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Charles McPherson on the blues, at the Savannah Music Festival, 3/27/2013

3 May

I was recently fortunate enough to interview Charles McPherson, who told me about the blues, and what it means to him. 

Charles McPherson: The reason why I think the blues are important is because they should be, to me, the essence of what jazz is. It should be always a part of the fabric of jazz, I think. Everybody does not think that. But I do.

(….) The blues [is] a musical form, (….) harmonically and technically, that set a miles for pretty much the full range of human emotions. At least the really important emotions, I think…can be expressed by way of the blues.

To me music is just a metaphor for human emotionality. The human emotions are the real thing. So when you use art, whether in music, writing, or whatever it is! the particular mode of art – whatever the art is – …to me it’s supposed to be able to express the human condition. And so if you play music, then music is supposed to express that. And I think to be multidimentional – and that’s what people are: human beings are multidimentional: they are complex – so I think that the music should be multidimentional in that it can portray all the emotions: sadness, happiness, extreme depression, extreme gaity, and everything in the middle.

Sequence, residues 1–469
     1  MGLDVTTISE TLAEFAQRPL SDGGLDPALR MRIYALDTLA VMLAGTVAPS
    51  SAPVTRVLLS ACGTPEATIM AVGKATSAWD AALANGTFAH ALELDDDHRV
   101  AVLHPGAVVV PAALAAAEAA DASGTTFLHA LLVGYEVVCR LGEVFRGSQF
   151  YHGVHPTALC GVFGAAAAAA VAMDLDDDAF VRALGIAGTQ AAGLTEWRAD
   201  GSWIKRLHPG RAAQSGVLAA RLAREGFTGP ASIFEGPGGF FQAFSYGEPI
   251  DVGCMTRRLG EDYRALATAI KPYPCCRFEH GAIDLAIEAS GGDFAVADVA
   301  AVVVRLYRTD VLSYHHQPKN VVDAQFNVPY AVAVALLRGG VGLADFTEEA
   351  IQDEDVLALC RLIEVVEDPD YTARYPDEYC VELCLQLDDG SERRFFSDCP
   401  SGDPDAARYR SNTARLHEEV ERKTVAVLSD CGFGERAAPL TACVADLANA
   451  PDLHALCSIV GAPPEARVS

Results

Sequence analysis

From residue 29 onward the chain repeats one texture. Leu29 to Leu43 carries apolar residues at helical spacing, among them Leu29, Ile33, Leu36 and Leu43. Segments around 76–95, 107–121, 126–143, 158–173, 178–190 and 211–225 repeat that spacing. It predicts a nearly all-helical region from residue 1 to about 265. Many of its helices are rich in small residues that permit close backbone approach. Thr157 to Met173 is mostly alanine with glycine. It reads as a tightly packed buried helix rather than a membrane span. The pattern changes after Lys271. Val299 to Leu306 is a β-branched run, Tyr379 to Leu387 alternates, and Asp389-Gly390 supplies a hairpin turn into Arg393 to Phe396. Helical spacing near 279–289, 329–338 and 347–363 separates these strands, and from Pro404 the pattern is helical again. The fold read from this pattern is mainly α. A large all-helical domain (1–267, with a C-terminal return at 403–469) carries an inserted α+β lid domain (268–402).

And the blues as a form covers a lot of emotionality because there are different kinds of blues: some blues are very dark and almost sad. But some are happy; some are glad to be unhappy – that’s a strange one there, ‘glad to be unhappy’ that’s a dichotomy – but it is a strange emotion that people can feel – and then just happy and/or hopeful, humorous, sexy – not even sexy but also …what’s the word….agape (as opposed to eros). So the blues, besides it being sexy (you know, it can be that), it can be not sexy, but almost reverent.

Because when the blues was first concocted by people, essentially… there was no sexual….because it’s an outbirst of spirituals. It’s like spirituals. And then maybe the blues comes from that. The evolution. But you know the spirituals are really saying “help, help me; ah…you’re all I got.” Meaning the big soul of the universe. So it’s a plaintive. This is you know….And then the blues comes from that. So there’s a part of the blues that deals with not just eros, or sex, or I lost my girlfriend, my love is gone….it’s that too, but it’s also ‘help’. You know. So those things are very interesting. When you have that to use, you have that kind of vehicle, there’s a lot of emotions…if you know as an artist how to do it; so to me the blues….that’s another reason why the blues is important. Because it’s a wonderful vehicle for a lot of different kinds of emotionality that humans feel.